Oh what I wouldn’t give to have a full size studio dedicated to sewing, crafting and making things! One large enough that I could have two long tables back to back (cutting on one, sewing on another), a desk, cabinets and ceiling high shelving for storage, a couch and chairs for lounging and plenty of windows for natural light. Isn’t that every crafter’s dream? Unfortunately for most of us, it’s not a reality and we have to make due with the limited spaces we do have.
For me that often means dragging my cutting mats out onto the kitchen table, running back into the laundry area to press the fabrics, back to the table for pinning and piecing and then into my small studio area for the actual sewing part. Running all over the house like this isn’t ideal and it definitely isn’t very feng shui. In fact, it often makes sewing feel like another chore rather than something to look forward to.
As soon as I laid eyes on the large rustic pallet from Walnut Hollow a solution for this sewing dilema came to mind. Measuring 23″ x 23,” it would be just the right size to use as the base for a tabletop ironing board. There is plenty of surface area for ironing larger cuts of fabric and there is still enough room on the table to do my cutting there as well.
Think this would be a good solution for you also? Let’s take a look at how simple it is to put this together. It takes about 20 minutes from start to finish. Here’s what you’ll need:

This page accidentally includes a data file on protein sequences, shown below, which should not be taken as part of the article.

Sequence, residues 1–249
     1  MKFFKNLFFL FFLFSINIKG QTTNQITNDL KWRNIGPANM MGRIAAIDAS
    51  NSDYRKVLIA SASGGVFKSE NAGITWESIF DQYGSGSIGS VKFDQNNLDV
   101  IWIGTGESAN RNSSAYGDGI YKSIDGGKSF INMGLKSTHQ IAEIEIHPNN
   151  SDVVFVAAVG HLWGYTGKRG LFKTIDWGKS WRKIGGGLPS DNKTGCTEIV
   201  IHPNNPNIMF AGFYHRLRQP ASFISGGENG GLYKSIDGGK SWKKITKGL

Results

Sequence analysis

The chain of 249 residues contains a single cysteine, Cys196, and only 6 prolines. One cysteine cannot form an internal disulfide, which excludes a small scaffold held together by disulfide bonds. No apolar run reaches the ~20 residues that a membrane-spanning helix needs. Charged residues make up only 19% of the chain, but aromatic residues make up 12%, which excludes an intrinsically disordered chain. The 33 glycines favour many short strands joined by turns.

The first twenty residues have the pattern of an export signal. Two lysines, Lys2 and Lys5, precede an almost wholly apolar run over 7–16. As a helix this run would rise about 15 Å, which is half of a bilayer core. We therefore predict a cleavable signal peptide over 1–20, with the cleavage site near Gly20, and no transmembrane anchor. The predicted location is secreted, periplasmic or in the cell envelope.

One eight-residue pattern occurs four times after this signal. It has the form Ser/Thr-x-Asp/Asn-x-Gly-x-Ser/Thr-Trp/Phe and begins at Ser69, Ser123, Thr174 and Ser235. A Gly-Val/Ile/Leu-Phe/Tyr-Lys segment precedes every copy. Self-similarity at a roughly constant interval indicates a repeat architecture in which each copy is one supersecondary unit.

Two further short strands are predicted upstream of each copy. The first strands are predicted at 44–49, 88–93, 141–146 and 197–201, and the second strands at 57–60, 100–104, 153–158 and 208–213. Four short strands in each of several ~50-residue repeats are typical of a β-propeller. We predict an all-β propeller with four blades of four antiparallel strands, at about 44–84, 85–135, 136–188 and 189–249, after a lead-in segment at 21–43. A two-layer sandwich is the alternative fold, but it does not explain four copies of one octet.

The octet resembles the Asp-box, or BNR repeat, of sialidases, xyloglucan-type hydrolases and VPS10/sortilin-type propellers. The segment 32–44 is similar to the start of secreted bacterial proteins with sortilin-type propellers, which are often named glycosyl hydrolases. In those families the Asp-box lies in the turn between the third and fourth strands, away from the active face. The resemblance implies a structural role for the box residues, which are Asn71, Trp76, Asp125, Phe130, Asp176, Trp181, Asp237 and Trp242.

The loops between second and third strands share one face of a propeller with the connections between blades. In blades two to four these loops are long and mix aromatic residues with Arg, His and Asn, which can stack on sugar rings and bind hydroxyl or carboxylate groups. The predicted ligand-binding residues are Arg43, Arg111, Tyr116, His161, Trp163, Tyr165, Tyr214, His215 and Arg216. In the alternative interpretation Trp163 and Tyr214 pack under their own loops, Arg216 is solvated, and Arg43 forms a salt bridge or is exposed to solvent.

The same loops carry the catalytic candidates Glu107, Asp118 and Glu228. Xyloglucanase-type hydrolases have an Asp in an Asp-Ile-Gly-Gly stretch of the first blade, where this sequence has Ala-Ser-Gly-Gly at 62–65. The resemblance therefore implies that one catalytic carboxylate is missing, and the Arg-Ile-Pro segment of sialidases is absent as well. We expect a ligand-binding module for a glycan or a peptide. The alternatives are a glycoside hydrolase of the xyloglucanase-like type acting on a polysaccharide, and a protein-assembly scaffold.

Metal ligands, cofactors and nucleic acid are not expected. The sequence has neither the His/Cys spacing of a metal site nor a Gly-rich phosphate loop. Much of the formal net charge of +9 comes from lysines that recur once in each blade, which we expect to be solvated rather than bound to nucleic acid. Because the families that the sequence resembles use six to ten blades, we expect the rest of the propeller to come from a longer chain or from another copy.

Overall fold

– Large Rustic Pallet
– 100% cotton batting (1 1/2 yards or enough for 2 layers)
– 3/4 yard white canvas or upholstery weight fabric
– staple gun & staples
– optional: rope and drill with router bits for creating a handle for hanging
Lay the batting over the top of the pallet and trim so there is a slight overhang on each of the 4 sides. Repeat with the canvas material, allowing about an extra 3 inches of overhang on each side. Nothing needs to be exact here! Layer the 2 sheets of batting under the canvas material.
Fold under each side of the canvas and staple directly to the pallet. I found it was helpful to start in the center of each side and then staple your way to the edges. This will keep the lumps and bulges to a minimum.
If you choose to, you can also drill the holes at this point and thread the rope through to create the hanging loop you see in the photo below. It’s really that simple. I love a useful project – this one will definitely make my life easier!